Tikhonravov Crater on Mars is named in his honor.





Tuesday, July 28, 2009

July 28: Charles Dillon Perrine


Charles Dillon Perrine
July 28, 1867–June 21, 1951

Charles Dillon Perrine was an Argentine astronomer.

Born in Ohio, he worked at Lick Observatory from 1893 to 1909 and then was director of the Argentine National Observatory (today, Observatorio Astronómico de Córdoba) in Argentina from 1909 until 1936.

In 1901, he and George Ritchey observed the apparent superluminal motion in the nebulosity surrounding Nova Persei 1901.

He discovered two moons of Jupiter, today known as Himalia (in 1904) and Elara (in 1905). They were simply designated "Jupiter VI" and "Jupiter VII" and were not given their present names until 1975.

He co-discovered the lost periodic comet 18D/Perrine-Mrkos and several other comets. Antonín Mrkos later named the asteroid 6779 Perrine after him.

He promoted the study of astrophysics in Argentina and pushed for the construction of a large telescope (the Bosque Alegre telescope), which however was not completed until 1942 (he had retired in 1936). He remained in Argentina after retirement and died there, in Villa General Mitre (which has since been renamed to its original name of Villa del Totoral). He is buried in the cementerio disidente in the city of Córdoba.

The lunar crater Perrine is named in his honor.




Friday, July 24, 2009

July 24: Henri Alexandre Deslandres


Henri Alexandre Deslandres
July 24, 1853 – January 15, 1948

Henri Alexandre Deslandres was a French astronomer, director of the Meudon and Paris Observatories.

Deslandres' undergraduate years at the École Polytechnique were played out against the aftermath of the Franco-Prussian War and the chaos of the Paris Commune so, on graduation in 1874, he responded to the continuing military tension with the emerging Germany by embarking on a military career. Rising to the rank of captain in the engineers, he became increasingly interested in physics and, in 1881, resigned his commission to join Alfred Cornu's laboratory at the École Polytechnique, working on spectroscopy. He continued his spectroscopic work at the Sorbonne, earning his doctorate in 1888 and finding numerical patterns in spectral lines that paralleled the work of Johann Balmer and were to catalyse the development of quantum mechanics in the 20th century.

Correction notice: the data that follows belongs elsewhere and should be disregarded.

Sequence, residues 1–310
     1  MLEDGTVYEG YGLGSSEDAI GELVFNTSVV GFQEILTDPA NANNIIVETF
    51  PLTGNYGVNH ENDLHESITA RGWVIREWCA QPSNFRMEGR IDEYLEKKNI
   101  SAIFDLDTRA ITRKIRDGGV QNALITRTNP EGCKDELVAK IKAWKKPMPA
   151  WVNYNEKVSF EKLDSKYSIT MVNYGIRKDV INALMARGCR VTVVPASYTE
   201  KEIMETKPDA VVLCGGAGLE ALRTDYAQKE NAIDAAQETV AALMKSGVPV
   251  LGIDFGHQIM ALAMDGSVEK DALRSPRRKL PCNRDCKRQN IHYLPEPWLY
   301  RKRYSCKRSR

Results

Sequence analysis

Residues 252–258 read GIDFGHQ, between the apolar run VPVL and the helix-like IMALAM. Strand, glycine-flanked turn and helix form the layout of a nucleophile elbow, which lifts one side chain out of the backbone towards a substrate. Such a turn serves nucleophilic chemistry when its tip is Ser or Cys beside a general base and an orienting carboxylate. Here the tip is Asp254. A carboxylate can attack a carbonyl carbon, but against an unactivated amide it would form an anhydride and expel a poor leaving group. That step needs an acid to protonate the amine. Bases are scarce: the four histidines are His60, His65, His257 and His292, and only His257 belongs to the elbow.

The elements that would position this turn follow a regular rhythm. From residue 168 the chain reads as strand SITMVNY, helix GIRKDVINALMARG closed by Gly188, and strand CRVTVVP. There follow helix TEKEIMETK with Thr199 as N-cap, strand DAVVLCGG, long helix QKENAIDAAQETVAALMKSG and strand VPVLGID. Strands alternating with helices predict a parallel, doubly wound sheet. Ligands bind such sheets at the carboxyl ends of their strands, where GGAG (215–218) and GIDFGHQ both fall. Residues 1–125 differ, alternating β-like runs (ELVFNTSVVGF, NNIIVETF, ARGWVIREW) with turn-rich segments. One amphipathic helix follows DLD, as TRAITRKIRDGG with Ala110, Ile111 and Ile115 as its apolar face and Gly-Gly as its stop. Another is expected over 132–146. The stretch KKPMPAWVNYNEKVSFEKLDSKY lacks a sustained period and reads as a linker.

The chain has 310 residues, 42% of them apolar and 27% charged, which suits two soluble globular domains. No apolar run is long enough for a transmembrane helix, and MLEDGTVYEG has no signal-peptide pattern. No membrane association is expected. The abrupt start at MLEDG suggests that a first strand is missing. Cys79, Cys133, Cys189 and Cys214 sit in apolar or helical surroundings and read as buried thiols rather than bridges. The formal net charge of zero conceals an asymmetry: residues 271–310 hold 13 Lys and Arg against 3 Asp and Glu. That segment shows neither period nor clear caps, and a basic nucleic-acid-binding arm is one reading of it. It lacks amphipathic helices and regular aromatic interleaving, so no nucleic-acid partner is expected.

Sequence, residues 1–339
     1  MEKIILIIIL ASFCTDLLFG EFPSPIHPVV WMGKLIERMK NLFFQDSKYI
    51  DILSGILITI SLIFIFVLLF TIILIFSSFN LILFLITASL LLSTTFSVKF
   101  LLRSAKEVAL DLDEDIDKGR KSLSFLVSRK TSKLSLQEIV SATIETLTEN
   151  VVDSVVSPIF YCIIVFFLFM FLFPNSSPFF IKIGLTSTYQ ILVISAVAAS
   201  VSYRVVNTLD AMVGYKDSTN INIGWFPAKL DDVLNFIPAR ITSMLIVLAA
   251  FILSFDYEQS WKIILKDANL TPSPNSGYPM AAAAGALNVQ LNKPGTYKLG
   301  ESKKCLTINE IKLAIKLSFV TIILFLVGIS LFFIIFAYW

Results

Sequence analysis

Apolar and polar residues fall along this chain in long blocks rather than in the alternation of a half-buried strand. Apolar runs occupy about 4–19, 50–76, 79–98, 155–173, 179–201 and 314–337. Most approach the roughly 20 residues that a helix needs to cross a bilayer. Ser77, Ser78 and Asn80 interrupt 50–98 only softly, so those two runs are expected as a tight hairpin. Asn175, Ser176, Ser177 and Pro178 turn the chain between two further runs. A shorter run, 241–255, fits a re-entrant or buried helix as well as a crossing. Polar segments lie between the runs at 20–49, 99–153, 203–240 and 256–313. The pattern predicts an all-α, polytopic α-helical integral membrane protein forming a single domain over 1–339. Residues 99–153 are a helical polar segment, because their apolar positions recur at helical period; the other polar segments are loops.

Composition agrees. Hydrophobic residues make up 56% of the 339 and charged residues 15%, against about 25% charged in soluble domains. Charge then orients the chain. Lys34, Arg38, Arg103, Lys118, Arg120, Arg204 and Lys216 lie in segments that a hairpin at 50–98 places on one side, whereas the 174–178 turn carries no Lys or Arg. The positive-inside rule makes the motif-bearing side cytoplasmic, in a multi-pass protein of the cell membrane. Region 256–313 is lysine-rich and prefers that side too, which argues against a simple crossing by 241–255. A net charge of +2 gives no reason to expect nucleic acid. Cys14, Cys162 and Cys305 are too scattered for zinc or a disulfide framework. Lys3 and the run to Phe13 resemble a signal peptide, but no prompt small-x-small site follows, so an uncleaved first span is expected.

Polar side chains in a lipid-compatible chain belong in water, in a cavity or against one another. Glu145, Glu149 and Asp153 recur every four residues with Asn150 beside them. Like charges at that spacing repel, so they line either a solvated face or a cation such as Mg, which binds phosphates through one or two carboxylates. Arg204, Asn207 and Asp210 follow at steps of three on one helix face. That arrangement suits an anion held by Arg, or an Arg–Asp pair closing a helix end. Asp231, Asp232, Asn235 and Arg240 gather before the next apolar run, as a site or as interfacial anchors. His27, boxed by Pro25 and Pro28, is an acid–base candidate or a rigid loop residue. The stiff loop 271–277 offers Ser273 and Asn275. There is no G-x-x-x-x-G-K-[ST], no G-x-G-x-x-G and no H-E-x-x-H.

In 1868, Pierre Janssen's solar observations had led him to report to the Académie des Sciences that
It is no longer geometry and mechanics which dominate [in astronomy] but physics and chemistry.
Such advice was sternly rejected by director of the Paris Observatory Urbain Le Verrier and the French government awarded Janssen a grant to establish an astrophysical observatory at Meudon on the outskirts of Paris with Janssen as the sole astronomer. In 1889, Le Verrier was succeeded by Amédée Mouchez who set to work to bring astrophysics into the mainstream by hiring Deslandres. Deslandres developed the spectroheliograph simultaneously with George Hale.

In 1898, he joined Janssen at Meudon, increasing the scientific staff by 100%. On Janssen's death in 1907, Deslandres became director and embarked on a programme of expansion. At the outbreak of World War I in 1914, though already in his 60s, he returned to active service in the engineers as a major and later lieutenant colonel. In 1918, following the armistice, he resumed his office at Meudon until 1926 when its administration merged with that of the Paris Observatory, Mouchez assuming the role of director of both institutions until his retirement in 1929.

He remained active in research right up until his death. Fellow astronomer Raymond Michard observed that In his bearing, his character and his style of life Deslandres always remained more akin to the soldier (and the officer) than to the scholar.

Deslandres was awarded the Gold Medal of the Royal Astronomical Society (1913), the Henry Draper Medal of the National Academy of Sciences (1913) and the Bruce Medal of the Astronomical Society of the Pacific (1921).

The crater Deslandres on the Moon and asteroid 11763 Deslandres are named in his honor.





Thursday, July 23, 2009

July 23: Vera Rubin


Vera (Cooper) Rubin
July 23, 1928

Vera Rubin is an American astronomer who pioneered work on galaxy rotation rates. Her opus magnus was the uncovering of the discrepancy between the predicted angular motion of galaxies and the observed motion, by studying galactic rotation curves. This phenomena became known as the galaxy rotation problem.